There’s an amusing story in connection with the premiere of the Messe des morts. The conductor, Francois Antoine Habeneck, put his baton down in mid-performance in order to take a pinch of snuff! Berlioz was there, and was understandably furious. As he says in his memoir, this was “the one bar where the conductor’s direction is absolutely indispensable”! It came about during the Tuba mirum passage quoted above.
Berlioz leapt up, took a position between Habeneck and the orchestra, and started conducting by himself. I hope Habeneck enjoyed the snuff, because he didn’t get the orchestra back – Berlioz continued this way through the rest of the performance, “and the effect which I had dreamed of was produced,” he reports.
Franz Liszt’s Requiem of 1867 is historically remarkable because nobody seems to know whose death inspired it. It might have been composed as a lament for the Emperor Maximilian, the unlucky fellow who became Emperor of Mexico with the backing of French Emperor Napoleon III and who was captured and executed by the forces of Benito Juarez in 1867. That’s possible. But the uncertainty on this subject shows that it was no longer all that important: by this time the Requiem as a musical genre has detached itself from its origins: it was still a Mass in form, not necessarily in motivation.
On to Verdi
So we return to Giuseppe Verdi, one of the towering musical figures in the history of the music-mad Italian peninsula. Verdi first began contemplating the Requiem form at the end of 1868, with news of the death of his colleague, Gioachino Rossini (the composer of The Barber of Seville, Otello, and La Cenerentola, among much else)
Verdi and Rossini had never been friends, and their musical styles are very different, but Verdi of all people understood the depth of the loss. “A great name has disappeared from the world!” he said.
So Verdi set out to organize the outstanding Italian composers of the day in a collaborative effort to create a Requiem worthy of Rossini. Verdi’s own contribution to this joint effort was to be the final movement, Libera me.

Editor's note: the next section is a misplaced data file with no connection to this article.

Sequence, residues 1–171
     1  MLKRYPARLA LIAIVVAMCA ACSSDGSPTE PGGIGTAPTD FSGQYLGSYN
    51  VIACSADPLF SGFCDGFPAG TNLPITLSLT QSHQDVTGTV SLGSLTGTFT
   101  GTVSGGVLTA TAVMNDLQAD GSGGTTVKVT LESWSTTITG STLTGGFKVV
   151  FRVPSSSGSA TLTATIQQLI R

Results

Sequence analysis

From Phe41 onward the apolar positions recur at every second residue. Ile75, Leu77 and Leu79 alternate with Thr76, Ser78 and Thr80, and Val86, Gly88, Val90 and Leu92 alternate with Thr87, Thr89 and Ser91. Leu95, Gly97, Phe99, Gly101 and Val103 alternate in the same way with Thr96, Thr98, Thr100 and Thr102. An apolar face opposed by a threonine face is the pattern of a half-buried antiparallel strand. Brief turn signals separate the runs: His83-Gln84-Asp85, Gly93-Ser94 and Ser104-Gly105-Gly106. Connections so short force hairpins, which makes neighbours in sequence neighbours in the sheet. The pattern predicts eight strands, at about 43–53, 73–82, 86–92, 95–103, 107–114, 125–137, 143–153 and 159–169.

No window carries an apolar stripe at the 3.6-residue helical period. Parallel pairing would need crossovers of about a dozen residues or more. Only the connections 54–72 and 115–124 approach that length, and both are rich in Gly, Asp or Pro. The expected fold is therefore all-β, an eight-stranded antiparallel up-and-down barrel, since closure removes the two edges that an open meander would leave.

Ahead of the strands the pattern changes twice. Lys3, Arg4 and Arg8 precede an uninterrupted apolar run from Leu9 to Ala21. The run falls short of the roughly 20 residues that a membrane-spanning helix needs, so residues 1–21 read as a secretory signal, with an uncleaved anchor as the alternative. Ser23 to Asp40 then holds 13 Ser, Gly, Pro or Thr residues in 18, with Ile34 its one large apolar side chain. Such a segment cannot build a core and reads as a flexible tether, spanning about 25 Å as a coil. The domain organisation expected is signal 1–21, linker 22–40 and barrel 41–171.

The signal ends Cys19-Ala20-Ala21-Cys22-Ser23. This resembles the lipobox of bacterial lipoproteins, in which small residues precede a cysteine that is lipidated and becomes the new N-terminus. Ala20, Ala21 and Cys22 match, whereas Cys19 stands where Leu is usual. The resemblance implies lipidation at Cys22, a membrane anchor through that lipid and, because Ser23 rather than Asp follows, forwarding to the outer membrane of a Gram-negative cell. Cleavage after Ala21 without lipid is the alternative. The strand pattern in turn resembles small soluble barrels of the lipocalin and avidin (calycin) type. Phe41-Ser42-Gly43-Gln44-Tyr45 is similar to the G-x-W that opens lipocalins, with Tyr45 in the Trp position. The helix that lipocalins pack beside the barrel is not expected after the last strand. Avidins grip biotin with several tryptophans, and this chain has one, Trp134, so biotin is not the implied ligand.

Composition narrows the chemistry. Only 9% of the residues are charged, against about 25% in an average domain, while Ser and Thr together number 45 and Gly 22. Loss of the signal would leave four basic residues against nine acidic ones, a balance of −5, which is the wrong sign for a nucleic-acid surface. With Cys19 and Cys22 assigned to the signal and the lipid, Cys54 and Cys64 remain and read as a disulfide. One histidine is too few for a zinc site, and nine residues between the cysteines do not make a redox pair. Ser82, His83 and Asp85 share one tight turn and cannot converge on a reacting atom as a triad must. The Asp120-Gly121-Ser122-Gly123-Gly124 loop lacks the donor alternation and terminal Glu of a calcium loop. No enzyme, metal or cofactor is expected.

The project never came to fruition, and Verdi was left with his Libera me sitting in his desk. Yet since death is the one inevitability in life, it was certain that – if Verdi himself only lived to see it – there would come another death that would affect him sufficiently that he would take up his pen again and write a complete Requiem with that fragment as a point of departure.
That day came with the death of Alessandro Manzoni in May 1873. Verdi’s Requiem was firm performed a year later, in the Church of San Marco in Milan. Verdi himself conducted, thus avoiding any snuff-based threats to its perfection.
Since Vatican II
One sad theological point, though, is that the Roman Church no longer holds the old style Masses for the Dead, with the various hymns that have inspired so many great conductors through the centuries. This all fell victim to the Second Vatican Council’s ecclesiastical reforms. The new “Rite of Funerals,” issued in 1969, does away with black vestments and with words that focus on trembling or ashes. Instead, we are to see death as a hopeful event, a step into a better world for the deceased.
All quite comforting in a sense: but that sense is not musical. The new Rite of Funerals has yet to produce anything analogous to the masterpieces composed on behalf of that Old Time Religion!
In closing, I’m afraid I have to admit that I can’t give you a link to any recording of the performance in Hartford. Perhaps you will accept the following, with my best wishes, pending